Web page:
Some assurances would give authorities such as St. Helens some confidence that we will make progress. I do not underestimate the problems that any Government would have in trying to clear up the legacy left by the previous Government. However, I hope that my suggestions can be taken on board, and that there will be substantial progress as quickly as possible. I certainly hope to see changes within the next few months.

5.50 pm

Sir Paul Beresford (Mole Valley): I always enjoy the Secretary of State's presentations on local government finance. He is bluff, and he raises a smile. He also tries to cover up the underlying trends. The hon. Member for St. Helens, North (Mr. Watts) picked out one of those trends, and my right hon. Friend the Member for South-West Norfolk (Mrs. Shephard) noted it too. That trend is the tendency to move money out of London and the south-east in spite of difficulties there.

Last year, that movement was pretty blatant, and I was intrigued to find in this year's small print that it is even more blatant this time. Standard spending assessment was defined until this year as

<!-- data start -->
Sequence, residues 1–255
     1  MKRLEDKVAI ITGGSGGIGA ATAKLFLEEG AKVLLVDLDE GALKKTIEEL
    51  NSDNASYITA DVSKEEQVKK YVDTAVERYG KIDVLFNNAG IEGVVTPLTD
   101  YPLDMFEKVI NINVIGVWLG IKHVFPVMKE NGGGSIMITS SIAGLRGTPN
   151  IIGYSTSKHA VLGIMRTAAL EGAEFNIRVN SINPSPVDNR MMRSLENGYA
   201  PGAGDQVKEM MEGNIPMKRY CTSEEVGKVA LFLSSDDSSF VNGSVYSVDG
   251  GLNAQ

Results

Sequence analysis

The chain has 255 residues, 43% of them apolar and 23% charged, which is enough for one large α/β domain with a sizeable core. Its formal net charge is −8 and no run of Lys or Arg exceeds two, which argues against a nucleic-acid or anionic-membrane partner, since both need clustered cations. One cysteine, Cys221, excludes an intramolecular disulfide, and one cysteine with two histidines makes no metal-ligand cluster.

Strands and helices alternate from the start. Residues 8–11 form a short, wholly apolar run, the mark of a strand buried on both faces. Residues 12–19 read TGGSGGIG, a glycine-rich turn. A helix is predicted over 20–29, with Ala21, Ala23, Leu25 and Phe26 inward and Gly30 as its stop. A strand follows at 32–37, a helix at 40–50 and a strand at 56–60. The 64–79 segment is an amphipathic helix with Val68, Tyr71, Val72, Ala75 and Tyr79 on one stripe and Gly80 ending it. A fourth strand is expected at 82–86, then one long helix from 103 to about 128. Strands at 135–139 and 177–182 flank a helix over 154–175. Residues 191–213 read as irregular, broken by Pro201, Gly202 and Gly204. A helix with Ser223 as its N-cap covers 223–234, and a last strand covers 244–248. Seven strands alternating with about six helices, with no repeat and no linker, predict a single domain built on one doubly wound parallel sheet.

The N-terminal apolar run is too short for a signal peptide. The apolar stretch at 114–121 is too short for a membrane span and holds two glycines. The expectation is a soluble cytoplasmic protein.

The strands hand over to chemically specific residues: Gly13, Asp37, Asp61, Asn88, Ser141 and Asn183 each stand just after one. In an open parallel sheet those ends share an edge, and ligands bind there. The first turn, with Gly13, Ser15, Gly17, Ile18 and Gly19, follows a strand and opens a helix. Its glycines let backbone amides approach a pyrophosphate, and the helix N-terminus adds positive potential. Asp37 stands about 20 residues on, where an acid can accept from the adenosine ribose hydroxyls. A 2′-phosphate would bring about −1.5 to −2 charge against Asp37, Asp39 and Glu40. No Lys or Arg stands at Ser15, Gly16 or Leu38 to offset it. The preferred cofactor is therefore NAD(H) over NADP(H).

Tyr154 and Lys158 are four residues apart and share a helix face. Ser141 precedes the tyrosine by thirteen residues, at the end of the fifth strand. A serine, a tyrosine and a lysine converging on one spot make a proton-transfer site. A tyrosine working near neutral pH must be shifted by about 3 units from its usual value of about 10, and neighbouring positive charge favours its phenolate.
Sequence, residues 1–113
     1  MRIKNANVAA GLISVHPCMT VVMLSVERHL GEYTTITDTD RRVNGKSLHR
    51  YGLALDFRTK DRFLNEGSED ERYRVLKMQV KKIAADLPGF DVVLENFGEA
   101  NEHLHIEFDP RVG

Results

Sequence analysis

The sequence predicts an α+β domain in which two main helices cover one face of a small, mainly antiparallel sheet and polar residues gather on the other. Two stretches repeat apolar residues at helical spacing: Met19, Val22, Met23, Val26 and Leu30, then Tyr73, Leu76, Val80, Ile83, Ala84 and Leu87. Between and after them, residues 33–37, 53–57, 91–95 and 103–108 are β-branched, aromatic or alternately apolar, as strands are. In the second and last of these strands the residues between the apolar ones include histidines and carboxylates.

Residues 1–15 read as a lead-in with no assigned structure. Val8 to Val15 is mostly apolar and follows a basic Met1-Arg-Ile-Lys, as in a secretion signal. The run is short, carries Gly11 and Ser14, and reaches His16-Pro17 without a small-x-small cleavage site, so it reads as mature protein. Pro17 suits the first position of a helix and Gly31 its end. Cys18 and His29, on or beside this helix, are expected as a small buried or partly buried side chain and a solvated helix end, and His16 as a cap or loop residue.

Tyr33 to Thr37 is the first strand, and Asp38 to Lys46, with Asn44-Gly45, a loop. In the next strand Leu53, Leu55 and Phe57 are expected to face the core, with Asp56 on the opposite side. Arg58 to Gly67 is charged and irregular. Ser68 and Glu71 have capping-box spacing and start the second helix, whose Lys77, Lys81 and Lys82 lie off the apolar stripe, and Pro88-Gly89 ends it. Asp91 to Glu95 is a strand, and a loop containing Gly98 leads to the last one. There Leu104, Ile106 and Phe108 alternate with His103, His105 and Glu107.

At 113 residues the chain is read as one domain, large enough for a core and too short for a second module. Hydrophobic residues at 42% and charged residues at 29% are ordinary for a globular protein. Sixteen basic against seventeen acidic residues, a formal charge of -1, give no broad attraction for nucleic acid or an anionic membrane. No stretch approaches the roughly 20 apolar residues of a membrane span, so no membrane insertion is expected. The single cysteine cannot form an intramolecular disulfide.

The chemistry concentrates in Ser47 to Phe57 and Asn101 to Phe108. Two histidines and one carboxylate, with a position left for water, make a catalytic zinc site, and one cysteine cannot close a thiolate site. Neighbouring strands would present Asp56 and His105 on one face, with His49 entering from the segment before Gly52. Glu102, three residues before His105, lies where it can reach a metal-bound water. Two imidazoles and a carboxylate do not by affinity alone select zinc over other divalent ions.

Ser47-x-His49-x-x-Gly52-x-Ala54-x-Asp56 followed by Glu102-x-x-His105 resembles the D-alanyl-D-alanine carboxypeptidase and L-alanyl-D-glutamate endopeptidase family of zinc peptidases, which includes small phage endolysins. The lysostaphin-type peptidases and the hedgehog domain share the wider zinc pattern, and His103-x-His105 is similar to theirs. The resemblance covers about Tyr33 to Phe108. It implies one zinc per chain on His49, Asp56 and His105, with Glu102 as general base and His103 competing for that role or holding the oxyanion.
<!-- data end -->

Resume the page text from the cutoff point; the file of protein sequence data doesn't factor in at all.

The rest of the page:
However, paragraph 3.2 of "The Local Government Finance Report (England) 1999/2000" refers to the SSA calculation as follows:


    "The calculation makes use of information reflecting demographic, physical and social characteristics of each area."

In other words, SSA means whatever Ministers want it to mean in the month in which they set the assessment. I should, of course, have expected that. The same subjective approach has been taken towards capping.

When the draft reports were announced, the Secretary of State took great pleasure in informing me that there would be an above-inflation increase for Surrey. By that, he meant Surrey county council, not the districts, and he neglected to point out a few disturbing factors. Almost all the increase went into the education SSA, and we have had letters pushing for effective hypothecation of that grant.